Many parents and professionals who work with small beings ask me questions over email. This particular teacher gave me permission to anonymize and publish the exchange. It's so incredibly valuable to learn from challenges that other parents are facing. You are not alone in your behavior challenges!
Read below and don't forget to leave a question in the comments or email it to me privately!
Hi Dr. Marcie,
I have a kiddo in one of my Kindergarten classes who is majorly attention-seeking and tantrums when he doesn't get the first turn on everything. He cries, refuses to sit down, grabs things, or interrupts me when I'm working with another child by tapping me on the shoulder and saying things like "I'm hungry" or "I'm tired" over and over and over and over.
Today, I managed to successfully ignore the tantrum. But I was wondering how direct I can be with a five-year-old when I'm trying to show him a replacement behavior for getting a attention. Will he understand me if I say "If you want Ms. Smith’s attention, instead of screaming or rolling on the carpet or hitting Johnny, you should ________" or is he too young for that to be effective?
I ask partially because I'm remembering your post about not asking "Why?" where you described that even big beings often don't know their own motivations for decisions they make. So if he doesn't know why he's doing these obnoxious things, how can he make the decision to do something else? And if I can't communicate the alternative behavior directly, how do I start getting him to try a positive way to get attention?
Hi Brilliant and Inquisitive Teacher,
Thanks for your email - it's a great question!
There are two parts to your question:
1 - How to get him to stop doing the disruptive behavior
2 - How to get his needs met with appropriate behavior
Both are super important but without satisfying the underlying needs, the disruptive behavior will never end. It may change form, but it will not go away.
His behavior will change if his needs are met, even if he does not cognitively understand what is happening. The behavioral experience of getting your attention or not getting your attention will be more powerful than any language you could use. (Tweet)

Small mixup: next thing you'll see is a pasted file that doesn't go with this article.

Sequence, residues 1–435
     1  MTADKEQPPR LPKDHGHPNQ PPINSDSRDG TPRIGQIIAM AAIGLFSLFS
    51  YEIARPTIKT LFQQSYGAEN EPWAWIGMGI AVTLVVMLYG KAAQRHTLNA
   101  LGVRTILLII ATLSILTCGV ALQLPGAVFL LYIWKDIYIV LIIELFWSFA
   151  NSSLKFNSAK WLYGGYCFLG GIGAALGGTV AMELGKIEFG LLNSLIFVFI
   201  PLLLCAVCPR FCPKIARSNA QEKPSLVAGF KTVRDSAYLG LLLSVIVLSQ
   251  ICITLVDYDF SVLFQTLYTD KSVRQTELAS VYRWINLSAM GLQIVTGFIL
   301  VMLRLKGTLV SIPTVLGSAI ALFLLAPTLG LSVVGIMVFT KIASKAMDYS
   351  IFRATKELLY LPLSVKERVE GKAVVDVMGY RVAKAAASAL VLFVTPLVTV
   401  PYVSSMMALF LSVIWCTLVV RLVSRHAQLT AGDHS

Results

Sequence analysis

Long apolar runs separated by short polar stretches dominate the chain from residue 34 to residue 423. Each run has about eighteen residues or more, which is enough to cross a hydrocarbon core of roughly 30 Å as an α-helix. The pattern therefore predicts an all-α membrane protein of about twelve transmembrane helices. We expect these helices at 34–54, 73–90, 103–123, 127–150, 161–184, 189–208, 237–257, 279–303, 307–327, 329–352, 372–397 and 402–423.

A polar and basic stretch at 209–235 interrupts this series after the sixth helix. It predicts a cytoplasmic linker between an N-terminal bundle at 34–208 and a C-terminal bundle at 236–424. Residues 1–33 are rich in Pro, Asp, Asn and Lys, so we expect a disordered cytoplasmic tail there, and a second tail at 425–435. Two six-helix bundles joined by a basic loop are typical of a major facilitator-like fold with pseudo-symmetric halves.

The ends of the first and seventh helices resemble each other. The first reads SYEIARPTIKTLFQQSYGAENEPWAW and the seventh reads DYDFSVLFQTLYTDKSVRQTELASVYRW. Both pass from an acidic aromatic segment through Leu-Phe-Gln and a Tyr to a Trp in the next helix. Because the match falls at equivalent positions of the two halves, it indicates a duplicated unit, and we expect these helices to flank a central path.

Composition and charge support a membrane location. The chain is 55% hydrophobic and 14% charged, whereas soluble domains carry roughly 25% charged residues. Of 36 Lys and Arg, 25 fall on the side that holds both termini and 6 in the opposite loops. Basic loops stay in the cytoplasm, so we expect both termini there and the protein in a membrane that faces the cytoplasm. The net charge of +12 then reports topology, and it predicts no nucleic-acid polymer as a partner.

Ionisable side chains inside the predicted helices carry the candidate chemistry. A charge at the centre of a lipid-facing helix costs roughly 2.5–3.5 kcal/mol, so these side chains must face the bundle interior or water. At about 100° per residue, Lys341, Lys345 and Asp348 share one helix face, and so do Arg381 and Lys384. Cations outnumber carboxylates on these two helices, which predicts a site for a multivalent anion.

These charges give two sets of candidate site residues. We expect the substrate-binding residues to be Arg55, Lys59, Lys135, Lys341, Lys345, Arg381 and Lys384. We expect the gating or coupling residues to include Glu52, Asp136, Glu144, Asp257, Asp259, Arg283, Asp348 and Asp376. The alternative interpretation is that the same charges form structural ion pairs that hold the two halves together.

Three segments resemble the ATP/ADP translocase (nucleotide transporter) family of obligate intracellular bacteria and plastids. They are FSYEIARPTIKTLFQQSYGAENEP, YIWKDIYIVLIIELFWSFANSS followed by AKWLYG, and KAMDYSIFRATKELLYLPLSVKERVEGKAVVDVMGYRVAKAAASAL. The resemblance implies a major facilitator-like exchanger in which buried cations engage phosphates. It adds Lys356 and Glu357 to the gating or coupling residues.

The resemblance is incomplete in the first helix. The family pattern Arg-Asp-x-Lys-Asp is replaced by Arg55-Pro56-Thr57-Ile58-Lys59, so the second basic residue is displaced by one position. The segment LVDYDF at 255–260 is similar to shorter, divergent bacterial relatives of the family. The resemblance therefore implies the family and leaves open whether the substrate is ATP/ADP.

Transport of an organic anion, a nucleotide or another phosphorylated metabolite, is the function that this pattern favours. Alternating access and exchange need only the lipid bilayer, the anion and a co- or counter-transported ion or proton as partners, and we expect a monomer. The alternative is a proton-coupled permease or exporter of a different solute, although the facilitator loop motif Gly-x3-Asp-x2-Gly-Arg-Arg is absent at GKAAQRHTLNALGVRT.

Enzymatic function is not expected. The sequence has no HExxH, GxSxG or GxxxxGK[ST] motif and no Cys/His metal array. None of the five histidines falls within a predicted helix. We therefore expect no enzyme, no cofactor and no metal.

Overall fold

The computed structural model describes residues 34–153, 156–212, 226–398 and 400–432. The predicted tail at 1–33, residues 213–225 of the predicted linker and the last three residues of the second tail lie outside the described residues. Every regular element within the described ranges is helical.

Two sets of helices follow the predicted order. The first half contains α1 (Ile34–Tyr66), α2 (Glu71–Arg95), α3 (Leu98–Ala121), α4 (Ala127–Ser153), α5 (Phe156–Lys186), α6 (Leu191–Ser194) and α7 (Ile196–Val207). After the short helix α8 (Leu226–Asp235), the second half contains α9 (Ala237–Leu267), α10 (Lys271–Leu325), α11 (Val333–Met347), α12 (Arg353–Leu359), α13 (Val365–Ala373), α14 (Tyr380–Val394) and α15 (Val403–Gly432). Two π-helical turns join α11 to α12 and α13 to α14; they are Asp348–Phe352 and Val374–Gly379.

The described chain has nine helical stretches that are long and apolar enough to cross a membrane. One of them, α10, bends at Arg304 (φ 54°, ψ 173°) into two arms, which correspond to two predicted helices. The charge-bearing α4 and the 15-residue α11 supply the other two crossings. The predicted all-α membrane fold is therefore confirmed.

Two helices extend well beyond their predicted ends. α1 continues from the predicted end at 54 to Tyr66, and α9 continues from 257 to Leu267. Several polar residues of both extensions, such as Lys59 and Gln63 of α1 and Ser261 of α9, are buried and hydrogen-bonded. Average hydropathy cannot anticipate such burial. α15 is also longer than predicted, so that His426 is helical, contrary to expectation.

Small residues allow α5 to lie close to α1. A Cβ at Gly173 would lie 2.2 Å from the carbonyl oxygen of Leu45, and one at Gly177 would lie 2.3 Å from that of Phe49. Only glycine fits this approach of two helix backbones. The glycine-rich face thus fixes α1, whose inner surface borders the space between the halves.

First, teach him how to get your attention appropriately. Hand over hand have him tap your shoulder. If you can't talk to him right then, maybe hold his hand until you can. Give him some type of attention while he is waiting. This is going to be a little tricky since you have an entire class of children but it will help him feel seen/heard and learn to wait simultaneously. Be really clear with your words with him. If you say "wait a minute" than you really need to go to him in a minute/60 seconds. If you say not now, you really need to mean not at this time. When you mean what you say, it will help build the trust in the relationship!
This first step will help get his needs met, which will reduce the challenging behavior you are experiencing in class. Once the behavior is reduced or gone, then you can start teaching him to wait and that he can't have your attention all the time. You do this slowly. Start with holding his hand while he waits, then just having him stand next to you, then showing him to stay in his seat.
Small steps lead to big behavioral change! It's very hard to teach both these pieces at the same time, as the disruptive behavior will make it impossible to teach him to wait.
The behavioral experience of getting attention or not will be what his system needs to learn what works and what does not in your classroom. Remember these behaviors may work in other environments and with other beings, so it will take time for him to learn what will work with you!
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